As my Afghan friends are first to point out, corruption is a cancer that is killing the nation. I know that President Ghani and Chief Executive Abdullah are committed to fighting corruption, but they need the help of all Afghans who truly love their country. This culture of impunity must end, and all those who illegally profit by robbing the people should be prosecuted. The future of Afghanistan is in its youth – young visionaries who believe in building a better nation of which all can be proud; young entrepreneurs who are creating jobs and new business opportunities. And the nation’s political and business leaders in turn must do more to give opportunities to this vibrant and dynamic new generation. And it is also the obligation of the nation’s political leaders, in and outside of government, to ensure the holding of credible Parliamentary elections next year and Presidential elections in 2019. These elections are vital to restoring confidence and public support in democratic institutions and the leaders who represent the people.
As you may have observed around this room our theme for this year’s July 4 event honors New Orleans. In 2005, when Hurricane Katrina descended on New Orleans and burst through that city’s floodgates, we encountered yet another historic challenge. The city that we call the Big Easy – a city of Old World charm, great jazz music, and a huge heart – was decimated by floodwaters covering 80 percent of the city. That storm took 1,000 lives, destroyed tens of thousands of homes, caused $135 billion in property damage, and forced more than half of the city’s nearly 500,000 residents to move away from the place they loved. My son lives in New Orleans, so the city and its path back from the brink of destruction means a lot to me. And each time I visit Louisiana, I am amazed and inspired by the city’s rebirth and by the local community’s resilience. The people of New Orleans, and Americans from coast to coast, will always persevere, and we honor that determination today.
You know, I see that same spirit and determination in Afghanistan, and it humbles me. So the fight in Afghanistan is very much a struggle between those forces that empower and liberate people pitted against those who physically and spiritually subjugate their fellow human beings. The struggle in this heroic land is a fight between the vast majority of Afghans who simply want to rebuild their country and create a better life for their sons and daughters, against a small group of people who are filled with hate and know only the path of violence and destruction. The fight here is as old as human nature and human history. I have no doubt that the forces of light, faith and love will prevail, and bring peace and honor to those thousands of brave young Afghans, Americans, and of the other allied nations who have fallen in this cause.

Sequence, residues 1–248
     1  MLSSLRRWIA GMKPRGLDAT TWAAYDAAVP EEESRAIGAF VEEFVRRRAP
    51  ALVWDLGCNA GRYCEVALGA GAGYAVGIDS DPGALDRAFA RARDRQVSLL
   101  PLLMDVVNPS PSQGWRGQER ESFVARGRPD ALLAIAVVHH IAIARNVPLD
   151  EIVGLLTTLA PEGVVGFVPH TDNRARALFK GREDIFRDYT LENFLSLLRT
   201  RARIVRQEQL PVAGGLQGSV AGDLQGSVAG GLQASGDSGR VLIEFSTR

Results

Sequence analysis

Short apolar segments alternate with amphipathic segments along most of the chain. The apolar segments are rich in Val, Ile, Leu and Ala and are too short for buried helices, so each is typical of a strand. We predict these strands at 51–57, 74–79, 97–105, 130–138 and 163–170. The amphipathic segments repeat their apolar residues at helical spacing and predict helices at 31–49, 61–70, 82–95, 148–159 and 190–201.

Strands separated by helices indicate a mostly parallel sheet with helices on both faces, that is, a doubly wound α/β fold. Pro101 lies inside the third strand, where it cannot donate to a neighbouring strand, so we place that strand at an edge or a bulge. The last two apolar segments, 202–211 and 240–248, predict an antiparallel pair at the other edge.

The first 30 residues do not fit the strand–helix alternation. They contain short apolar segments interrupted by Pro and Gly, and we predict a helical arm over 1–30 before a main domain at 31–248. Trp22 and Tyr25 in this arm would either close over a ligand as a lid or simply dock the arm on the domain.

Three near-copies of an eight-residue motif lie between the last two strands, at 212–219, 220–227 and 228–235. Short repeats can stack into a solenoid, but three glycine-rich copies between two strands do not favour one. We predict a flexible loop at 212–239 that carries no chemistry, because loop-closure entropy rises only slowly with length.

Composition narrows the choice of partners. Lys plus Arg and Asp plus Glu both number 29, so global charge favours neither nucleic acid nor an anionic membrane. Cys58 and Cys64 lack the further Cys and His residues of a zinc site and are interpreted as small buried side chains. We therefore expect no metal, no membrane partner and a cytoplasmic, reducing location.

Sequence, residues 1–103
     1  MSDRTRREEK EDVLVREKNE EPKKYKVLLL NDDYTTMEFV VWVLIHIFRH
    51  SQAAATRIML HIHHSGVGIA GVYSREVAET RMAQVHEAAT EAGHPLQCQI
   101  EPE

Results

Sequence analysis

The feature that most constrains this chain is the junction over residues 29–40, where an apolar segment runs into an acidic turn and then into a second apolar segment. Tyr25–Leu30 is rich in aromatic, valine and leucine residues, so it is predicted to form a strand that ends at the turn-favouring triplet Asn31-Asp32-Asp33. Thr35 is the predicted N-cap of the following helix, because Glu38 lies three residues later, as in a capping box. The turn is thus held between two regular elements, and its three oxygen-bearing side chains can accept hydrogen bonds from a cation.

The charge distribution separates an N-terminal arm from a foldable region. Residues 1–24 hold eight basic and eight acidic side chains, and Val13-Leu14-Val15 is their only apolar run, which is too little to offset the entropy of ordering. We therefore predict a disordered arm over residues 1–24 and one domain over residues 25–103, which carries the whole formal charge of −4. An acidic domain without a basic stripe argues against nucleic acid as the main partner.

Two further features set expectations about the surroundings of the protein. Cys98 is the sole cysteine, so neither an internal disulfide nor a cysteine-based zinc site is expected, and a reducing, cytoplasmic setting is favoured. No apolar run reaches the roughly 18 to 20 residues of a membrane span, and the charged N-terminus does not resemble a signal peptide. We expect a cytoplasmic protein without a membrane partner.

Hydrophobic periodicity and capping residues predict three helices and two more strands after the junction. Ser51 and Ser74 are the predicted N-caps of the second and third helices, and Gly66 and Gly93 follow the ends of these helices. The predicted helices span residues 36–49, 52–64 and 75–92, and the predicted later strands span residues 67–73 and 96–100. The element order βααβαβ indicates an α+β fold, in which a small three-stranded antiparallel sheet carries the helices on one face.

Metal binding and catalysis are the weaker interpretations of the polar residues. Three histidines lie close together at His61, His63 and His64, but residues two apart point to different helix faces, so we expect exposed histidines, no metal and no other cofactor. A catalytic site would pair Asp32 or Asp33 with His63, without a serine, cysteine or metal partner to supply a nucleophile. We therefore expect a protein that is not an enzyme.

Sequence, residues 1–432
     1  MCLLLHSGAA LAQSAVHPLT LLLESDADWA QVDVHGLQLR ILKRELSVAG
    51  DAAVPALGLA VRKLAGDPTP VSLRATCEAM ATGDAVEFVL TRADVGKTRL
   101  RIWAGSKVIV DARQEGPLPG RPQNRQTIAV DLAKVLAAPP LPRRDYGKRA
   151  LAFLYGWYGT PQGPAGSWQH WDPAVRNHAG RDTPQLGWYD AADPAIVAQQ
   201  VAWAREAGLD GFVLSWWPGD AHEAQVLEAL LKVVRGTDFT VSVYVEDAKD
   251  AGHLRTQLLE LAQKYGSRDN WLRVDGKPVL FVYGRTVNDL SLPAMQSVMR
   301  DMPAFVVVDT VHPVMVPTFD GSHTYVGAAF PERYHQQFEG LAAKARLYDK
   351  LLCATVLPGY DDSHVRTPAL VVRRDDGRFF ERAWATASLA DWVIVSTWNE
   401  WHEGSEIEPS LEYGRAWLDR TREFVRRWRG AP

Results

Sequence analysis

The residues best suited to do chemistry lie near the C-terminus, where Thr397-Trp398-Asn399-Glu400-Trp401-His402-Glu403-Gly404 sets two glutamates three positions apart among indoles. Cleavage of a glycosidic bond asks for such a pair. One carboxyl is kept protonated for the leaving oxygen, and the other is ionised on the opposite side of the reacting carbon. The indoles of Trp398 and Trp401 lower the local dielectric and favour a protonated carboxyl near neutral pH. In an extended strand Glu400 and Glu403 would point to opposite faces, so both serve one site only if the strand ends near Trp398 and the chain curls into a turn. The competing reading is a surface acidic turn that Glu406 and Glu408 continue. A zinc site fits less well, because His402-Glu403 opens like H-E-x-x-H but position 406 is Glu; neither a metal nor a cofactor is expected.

As we face the current struggles together, let’s not forget the dark times in our fight for independence when the light of victory seemed so dim and elusive, but let us also rejoice in what this July 4 signifies to millions of Americans, as a day of faith and renewal, of hope and freedom. In closing, let us pray that the symbolic light of our martyrs will pave the way for peace and prosperity to this noble land of Afghanistan.
Thank you very much for coming here this evening and celebrating America’s birthday with us today – and more than anything, thank you for your friendship. Happy Fourth of July!